Credentialing Program: Mentoring as Professional Development

While credentialing is primarily about one’s own professional development, mentoring the next generation of managers is of great value to our profession. The time spent in formal mentoring activities can count toward 20 hours maximum of the 40-hour annual professional development requirement, if the mentee is not an employee of the ICMA Credentialed Manager.

If the mentee is an employee, the relationship is considered a work responsibility, and mentoring credit will not be granted unless mentoring is completed through a formal program such as the ICMA Emerging Leaders Development Program, the ICMA Coaching Program and state partners, the Local Government Management Fellowship Program, a college internship, or similar program approved by the Credentialing Advisory Board chair.

To receive credit, the mentoring relationship must be a commitment of at least six months between an ICMA Credentialed Manager and a college student or local government employee or intern. The purpose of the mentoring relationship must be to help the mentee prepare for a career in local government management.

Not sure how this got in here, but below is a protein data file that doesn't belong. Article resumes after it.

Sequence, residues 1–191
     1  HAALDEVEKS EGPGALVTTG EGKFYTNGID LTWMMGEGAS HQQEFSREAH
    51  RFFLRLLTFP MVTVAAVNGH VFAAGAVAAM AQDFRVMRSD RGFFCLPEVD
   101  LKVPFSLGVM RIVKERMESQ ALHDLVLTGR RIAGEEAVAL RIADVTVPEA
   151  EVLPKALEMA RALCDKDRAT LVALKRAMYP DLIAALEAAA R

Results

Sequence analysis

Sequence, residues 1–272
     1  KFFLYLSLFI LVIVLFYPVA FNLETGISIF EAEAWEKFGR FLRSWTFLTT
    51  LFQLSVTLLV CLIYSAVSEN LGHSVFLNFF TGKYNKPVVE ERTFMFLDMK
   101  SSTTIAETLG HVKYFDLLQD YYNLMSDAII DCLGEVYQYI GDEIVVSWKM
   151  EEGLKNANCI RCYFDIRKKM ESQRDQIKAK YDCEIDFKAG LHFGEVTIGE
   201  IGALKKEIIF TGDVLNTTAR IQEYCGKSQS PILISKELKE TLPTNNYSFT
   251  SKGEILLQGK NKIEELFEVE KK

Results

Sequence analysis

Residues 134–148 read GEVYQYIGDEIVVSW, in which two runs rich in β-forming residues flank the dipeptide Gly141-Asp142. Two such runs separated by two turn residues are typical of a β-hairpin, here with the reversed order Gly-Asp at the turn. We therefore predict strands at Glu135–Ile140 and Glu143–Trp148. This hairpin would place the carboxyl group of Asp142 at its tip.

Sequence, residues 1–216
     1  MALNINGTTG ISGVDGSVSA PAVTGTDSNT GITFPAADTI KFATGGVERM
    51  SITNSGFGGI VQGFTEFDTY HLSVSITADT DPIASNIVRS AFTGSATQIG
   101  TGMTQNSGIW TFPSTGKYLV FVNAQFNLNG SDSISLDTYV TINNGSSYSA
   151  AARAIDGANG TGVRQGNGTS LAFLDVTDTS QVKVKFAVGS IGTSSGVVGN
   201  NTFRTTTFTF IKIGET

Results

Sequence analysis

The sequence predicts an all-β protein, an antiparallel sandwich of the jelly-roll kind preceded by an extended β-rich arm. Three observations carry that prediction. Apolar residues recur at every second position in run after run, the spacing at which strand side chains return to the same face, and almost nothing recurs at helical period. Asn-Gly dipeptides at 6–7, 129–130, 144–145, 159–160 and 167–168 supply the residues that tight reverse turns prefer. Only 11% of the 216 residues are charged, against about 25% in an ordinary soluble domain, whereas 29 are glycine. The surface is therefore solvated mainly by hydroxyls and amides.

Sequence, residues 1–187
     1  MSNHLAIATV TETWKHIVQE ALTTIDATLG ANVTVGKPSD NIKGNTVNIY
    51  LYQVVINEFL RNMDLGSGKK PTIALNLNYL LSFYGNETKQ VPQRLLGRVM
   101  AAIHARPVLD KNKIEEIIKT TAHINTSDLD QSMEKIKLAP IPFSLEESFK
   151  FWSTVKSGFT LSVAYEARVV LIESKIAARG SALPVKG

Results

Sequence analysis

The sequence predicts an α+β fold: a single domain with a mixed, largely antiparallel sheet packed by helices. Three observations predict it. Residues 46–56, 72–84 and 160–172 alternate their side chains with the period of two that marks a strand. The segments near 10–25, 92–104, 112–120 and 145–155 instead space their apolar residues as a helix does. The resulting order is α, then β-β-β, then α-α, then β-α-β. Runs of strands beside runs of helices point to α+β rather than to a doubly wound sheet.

The mentor must report in the annual report the name and position of the person being mentored, as well as the frequency, duration, and a brief description of the subjects covered.

Time spent coaching as part of the ICMA Coaching Program can also be credited as meeting the credentialing requirement up to a maximum of 20 hours per year. These sessions are generally one-time sessions of an hour or less. For credit, the coaching must be documented as to the position of the person coached, the duration, and a brief description of the nature of the coaching.

Teaching is considered by the CA Board to be different from mentoring. Hours of learning in preparation for teaching college, continuing education courses, workshops, webinars, and so on, related to the local government management profession, count toward the 40-hour requirement. The teaching itself does not count.

Additionally, learning to mentor is different from mentoring. Attending a course on mentoring or reading a book on mentoring is a regular professional development activity that does not fall under the mentoring policy.

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